Also, be sure you know what is in diet medications and supplements. Some medications and supplements that were used in the past have been pulled from the market as it was found that the dangers of taking them were higher than the benefits. Whenever you are considering taking a diet supplement, know exactly what is in the product and share this information with your doctor.

The question is: when should you consider taking these weight loss aids? While it depends on your overall health and medical history, the best approach may be a conservative one. For example, adopt lifestyle changes for 6-12 months before trying a drug or supplement. Your doctor can give you guidance as to which weight loss options you should try first.

by Jackie Hart, MD

RESOURCES:
National Heart, Lung, and Blood Institute
https://www.nhlbi.nih.gov

National Institute of Diabetes and Digestive and Kidney Diseases
http://www.niddk.nih.gov

CANADIAN RESOURCES:
Dietitians of Canada
http://www.dietitians.ca

Health Canada
http://www.hc-sc.gc.ca

REFERENCES:
Choosing a safe and successful weight-loss program. National Institute of Diabetes and Digestive and Kidney Disorders. Available at: http://www.niddk.nih.gov/health-information/health-topics/weight-control/choosing-safe-successful-weight-loss-program/Pages/choosing-safe-successful-weight-loss-program.aspx. Updated December 2012. Accessed January 14, 2016.

Diets for weight loss. EBSCO DynaMed website. Available at: http://www.ebscohost.com/dynamed. Updated December 21, 2015. Accessed January 14, 2016.

Obesity in adults. EBSCO DynaMed website. Available at: http://www.ebscohost.com/dynamed. Updated December 21, 2015. Accessed January 14, 2016.

Rucker D, Padwal R, Li SK, Curioni C, Lau DC. Long term pharmacotherapy for obesity and overweight: updated meta-analysis. BMJ. 2007;335(7631):1194-1199.

Weight loss medications for obesity in adults. Available at: http://www.ebscohost.com/dynamed. Updated October 7, 2015. Accessed January 14, 2016.

7/6/2009 DynaMed’s Systematic Literature Surveillance http://www.ebscohost.com/dynamed: Seo DC, Sa J. A meta-analysis of psycho-behavioral obesity interventions among US multiethnic and minority adults. Prev Med. 2008;47(6):573-582.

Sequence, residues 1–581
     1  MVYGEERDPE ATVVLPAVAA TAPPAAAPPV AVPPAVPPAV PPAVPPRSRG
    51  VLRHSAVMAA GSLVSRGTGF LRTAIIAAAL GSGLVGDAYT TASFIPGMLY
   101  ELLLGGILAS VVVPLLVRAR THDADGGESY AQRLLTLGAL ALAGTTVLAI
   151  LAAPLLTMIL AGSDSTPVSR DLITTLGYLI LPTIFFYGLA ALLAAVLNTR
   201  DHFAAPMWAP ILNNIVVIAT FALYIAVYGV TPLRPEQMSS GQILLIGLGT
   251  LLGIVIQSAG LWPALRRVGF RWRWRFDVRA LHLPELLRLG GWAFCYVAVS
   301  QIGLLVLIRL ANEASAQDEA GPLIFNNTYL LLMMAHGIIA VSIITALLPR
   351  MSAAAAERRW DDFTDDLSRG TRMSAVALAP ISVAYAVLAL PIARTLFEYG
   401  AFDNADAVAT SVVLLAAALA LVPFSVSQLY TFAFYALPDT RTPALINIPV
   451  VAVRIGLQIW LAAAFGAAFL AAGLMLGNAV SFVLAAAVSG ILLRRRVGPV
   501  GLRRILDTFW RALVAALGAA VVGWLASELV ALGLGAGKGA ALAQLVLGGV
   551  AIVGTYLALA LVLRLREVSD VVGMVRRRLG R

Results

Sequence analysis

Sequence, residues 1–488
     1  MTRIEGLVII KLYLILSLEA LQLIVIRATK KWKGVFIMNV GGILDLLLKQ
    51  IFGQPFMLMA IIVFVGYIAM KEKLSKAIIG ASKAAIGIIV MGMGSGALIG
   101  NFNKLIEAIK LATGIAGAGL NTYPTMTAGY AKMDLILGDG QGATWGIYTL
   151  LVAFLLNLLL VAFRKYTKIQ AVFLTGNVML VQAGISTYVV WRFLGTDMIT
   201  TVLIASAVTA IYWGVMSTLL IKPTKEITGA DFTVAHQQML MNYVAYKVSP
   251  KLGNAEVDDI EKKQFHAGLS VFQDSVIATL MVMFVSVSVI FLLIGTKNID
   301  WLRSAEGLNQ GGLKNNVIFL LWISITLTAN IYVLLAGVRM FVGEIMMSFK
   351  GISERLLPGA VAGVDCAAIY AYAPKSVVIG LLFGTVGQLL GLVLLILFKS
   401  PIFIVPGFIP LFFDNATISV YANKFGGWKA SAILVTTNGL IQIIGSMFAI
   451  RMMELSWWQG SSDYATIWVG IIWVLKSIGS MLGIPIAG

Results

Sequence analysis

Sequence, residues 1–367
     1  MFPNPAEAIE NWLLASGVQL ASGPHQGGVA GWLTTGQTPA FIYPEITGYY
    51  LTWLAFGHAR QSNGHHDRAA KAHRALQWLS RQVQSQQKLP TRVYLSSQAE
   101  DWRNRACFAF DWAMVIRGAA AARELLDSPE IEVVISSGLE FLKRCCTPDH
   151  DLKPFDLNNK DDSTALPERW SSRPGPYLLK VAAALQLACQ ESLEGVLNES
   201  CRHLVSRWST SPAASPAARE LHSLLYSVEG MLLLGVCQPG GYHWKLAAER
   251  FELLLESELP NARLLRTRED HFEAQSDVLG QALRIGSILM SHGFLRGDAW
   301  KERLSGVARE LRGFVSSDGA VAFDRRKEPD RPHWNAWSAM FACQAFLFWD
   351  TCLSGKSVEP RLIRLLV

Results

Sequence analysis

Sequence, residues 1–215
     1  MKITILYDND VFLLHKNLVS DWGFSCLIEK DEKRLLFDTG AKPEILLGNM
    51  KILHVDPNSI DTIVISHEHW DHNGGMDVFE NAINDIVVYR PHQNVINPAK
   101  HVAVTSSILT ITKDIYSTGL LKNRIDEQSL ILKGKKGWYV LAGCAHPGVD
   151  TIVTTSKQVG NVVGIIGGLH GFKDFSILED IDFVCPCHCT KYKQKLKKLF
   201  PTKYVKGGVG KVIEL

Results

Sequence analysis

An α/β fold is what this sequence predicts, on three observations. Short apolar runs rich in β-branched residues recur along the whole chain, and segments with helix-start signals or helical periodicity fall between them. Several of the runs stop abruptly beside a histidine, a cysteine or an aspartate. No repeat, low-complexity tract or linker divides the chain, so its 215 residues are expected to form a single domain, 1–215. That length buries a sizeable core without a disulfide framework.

10/15/2010 DynaMed’s Systematic Literature Surveillance http://www.ebscohost.com/dynamed: US Food and Drug Administration. Meridia (sibutramine): market withdrawal due to risk of serious cardiovascular events. US Food and Drug Administration website. Available at: http://www.fda.gov/Safety/MedWatch/SafetyInformation/SafetyAlertsforHumanMedicalProducts/ucm228830.htm. Updated Sepember 9, 2013. Accessed January 14, 2016.

Last reviewed July 2016 by Michael Woods, MD Last Updated: 1/14/2016

EBSCO Information Services is fully accredited by URAC. URAC is an independent, nonprofit health care accrediting organization dedicated to promoting health care quality through accreditation, certification and commendation.

Type 2 Diabetes

Type 2 Diabetes (Diabetes Mellitus Type 2; Insulin-Resistant Diabetes; Diabetes, Type 2)

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Definition
Glucose is a type of sugar. It comes from food, and is also created in the liver. Glucose travels through the body in the blood. It moves from the blood to cells with the help of a hormone called insulin. Once glucose is in those cells, it can be used for energy.

Diabetes is a condition that makes it difficult for the body to use glucose. This causes a buildup of glucose in the blood. It also means the body is not getting enough energy. Type 2 diabetes is one type of diabetes, and it is the most common.

Medication, lifestyle changes, and monitoring can help control blood glucose levels.

Causes
Type 2 diabetes is often caused by a combination of factors. One factor is that your body begins to make less insulin. A second factor is that your body becomes resistant to insulin. This means there is insulin in your body, but your body cannot use it effectively. Insulin resistance is often related to excess body fat.

Risk Factors
Type 2 diabetes is more common in people who are aged 45 years and older. It is also common in younger people who are obese and belong to at-risk ethnic groups. Other factors that increase your chance for type 2 diabetes include:
• Prediabetes — impaired glucose tolerance and impaired fasting glucose